Using the VBA Format Function

Currencies and numbers being displayed on a board

Short introduction to strings

A string is a sequence or group of characters of any length that may or may not have a semantic meaning in language. It can consist of several characters like numbers, letters in both lowercase and uppercase, punctuation, and symbols.

Examples of strings:

1. “Testme123"

2. “Daniel Dozen"

3. “Please enter your name"

4. “Christmas falls on 25th December of every year"

5. “@$#%$%^"

6. “234325fdgdgfd"

Formatting a string

From the above examples we can infer that each character in a string can be a unique datatype, such as “lowercase letter,” “number,” “uppercase letter,” “symbol,” or “punctuation .” In your programmin,g there may be situations you need the string to be a particular format.

For example:

  1. A textbox might expect date to be entered in exactly “mm-dd-yyyy" format.
  2. Numbers entered might need to be displayed along with a currency symbol.
  3. The percentage symbol can be used along with numbers to indicate values like an interest rate.
  4. Decimals can be used with numbers for easy reading.

This formatting can be done using the “Format" functions offered by Visual Basic for Applications.

The Format function

This function offered by the VBA library can be categorized as a string or date function. It converts the given expression to the expected format and returns it as a string.

Syntax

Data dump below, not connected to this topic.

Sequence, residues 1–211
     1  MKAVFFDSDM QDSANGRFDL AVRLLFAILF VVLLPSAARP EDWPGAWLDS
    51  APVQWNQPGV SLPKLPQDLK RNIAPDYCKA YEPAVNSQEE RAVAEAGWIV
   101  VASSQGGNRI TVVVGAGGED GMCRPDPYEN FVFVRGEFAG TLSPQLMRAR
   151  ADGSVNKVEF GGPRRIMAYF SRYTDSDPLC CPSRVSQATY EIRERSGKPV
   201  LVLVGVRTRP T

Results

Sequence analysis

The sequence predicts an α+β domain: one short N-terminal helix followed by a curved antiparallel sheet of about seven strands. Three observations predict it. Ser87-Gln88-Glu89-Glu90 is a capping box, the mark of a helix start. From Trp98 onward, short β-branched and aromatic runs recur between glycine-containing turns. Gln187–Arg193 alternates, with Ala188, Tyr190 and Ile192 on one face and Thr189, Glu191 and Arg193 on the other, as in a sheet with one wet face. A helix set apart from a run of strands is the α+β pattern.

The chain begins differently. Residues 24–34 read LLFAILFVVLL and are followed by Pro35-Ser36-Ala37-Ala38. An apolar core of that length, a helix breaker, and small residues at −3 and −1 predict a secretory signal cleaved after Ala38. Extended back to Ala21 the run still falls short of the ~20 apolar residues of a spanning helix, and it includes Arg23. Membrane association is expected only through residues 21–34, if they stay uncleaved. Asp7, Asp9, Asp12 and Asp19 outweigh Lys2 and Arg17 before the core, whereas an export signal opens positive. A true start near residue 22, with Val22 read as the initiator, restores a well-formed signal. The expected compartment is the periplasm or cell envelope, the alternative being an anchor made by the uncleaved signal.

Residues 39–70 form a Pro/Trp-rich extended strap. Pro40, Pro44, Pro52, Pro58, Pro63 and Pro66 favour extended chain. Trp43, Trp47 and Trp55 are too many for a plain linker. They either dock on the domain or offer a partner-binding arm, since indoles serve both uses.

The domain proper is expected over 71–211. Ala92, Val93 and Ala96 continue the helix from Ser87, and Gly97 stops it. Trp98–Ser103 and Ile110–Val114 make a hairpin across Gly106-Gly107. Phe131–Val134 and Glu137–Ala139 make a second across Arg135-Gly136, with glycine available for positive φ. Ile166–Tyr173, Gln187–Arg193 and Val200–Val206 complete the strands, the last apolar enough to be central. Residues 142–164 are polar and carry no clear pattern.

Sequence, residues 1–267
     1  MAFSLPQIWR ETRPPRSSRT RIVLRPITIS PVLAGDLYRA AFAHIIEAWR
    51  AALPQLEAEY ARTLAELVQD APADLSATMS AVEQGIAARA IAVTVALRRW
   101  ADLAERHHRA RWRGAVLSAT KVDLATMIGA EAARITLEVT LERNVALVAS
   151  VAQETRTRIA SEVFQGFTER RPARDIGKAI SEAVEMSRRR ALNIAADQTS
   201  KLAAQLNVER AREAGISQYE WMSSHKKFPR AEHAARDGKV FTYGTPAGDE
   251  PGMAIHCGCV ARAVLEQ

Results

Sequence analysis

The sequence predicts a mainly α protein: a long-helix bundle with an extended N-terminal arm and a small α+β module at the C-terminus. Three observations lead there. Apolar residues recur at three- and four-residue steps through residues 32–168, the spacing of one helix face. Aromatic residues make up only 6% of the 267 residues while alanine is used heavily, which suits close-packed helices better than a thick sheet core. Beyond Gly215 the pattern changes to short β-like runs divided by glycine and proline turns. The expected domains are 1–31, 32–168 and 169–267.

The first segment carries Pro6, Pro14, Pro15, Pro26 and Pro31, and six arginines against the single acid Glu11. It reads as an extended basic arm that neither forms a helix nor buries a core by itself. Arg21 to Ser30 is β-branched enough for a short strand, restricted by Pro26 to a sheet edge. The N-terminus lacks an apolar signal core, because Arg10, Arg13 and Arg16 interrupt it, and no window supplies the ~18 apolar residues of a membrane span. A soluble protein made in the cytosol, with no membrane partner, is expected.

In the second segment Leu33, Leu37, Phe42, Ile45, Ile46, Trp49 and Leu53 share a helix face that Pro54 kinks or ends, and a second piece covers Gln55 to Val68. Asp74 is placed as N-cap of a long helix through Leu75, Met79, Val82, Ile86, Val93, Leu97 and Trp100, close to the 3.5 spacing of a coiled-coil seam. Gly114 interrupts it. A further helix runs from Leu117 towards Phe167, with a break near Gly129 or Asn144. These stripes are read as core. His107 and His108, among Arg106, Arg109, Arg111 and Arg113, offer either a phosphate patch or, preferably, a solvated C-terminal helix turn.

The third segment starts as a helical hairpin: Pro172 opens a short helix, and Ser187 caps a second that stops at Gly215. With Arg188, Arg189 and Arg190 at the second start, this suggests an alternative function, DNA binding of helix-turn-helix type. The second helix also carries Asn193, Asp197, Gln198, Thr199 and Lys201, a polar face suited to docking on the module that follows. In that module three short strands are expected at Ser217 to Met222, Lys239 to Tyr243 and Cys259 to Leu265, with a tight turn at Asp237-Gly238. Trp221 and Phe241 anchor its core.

Format ( < string expression > , [ format ] )

Where

< string expression > is the string that needs to be formatted and

[ format ] is format that needs to be applied to the specified string expression. This is an optional parameter, so it’s enclosed with square brackets.

The format parameter can either be a user-defined format or it can be a named format predefined by Excel. Here are some named formats which are provided by MS Excel.

Format Explanation
General This is the default number format that MS Excel applies if we simply type a number. In most of the cases, the numbers which are formatted with the “General” format are displayed the same way we type them. However, if the width of the cell is not sufficient to display the entire number, the “General” format rounds off the numbers with decimals. This number format also uses “scientific  notation” (exponential form) for high-value or large numbers that have 12 or more digits.
Currency This is used for monetary values and displays the currency symbol with numbers. The default currency symbol used is “$”. There are options to specify the number of decimal places that we want to use. For example, we may want to use a thousands separator. We can also specify if we want to display number is negative depending on their value.
Fixed This format displays at least 1 digit to the left side of the decimal place and 2 digits to the right side of the decimal place.
Standard This format displays the thousand separators, at least 1 digit to the left side of the decimal place, and 2 digits to the right side of the decimal place.
Percent This format displays a percent value – (ie), a number divided by 100 with a % sign. It displays two digits to the right of the decimal place.
Scientific Indicates scientific notation. It’s a number in exponential notation, which replaces a part of the number with “E+n”, where E (stands for Exponent) and multiplies the preceding number by “10” to the nth power. For example, a two decimal Scientific format displays 12345678901 as 1.23E+10, which is 1.23 times 10 to the 10th power. We can specify the number of decimal places that we want to use.
Yes/No This format displays “No” if the number is 0 and “Yes” if the number is not 0.
True/False This format displays “False” if the number is 0 and “True” if the number is not 0.
On/Off This format displays “Off” if the number is 0 and “On” if the number is not 0.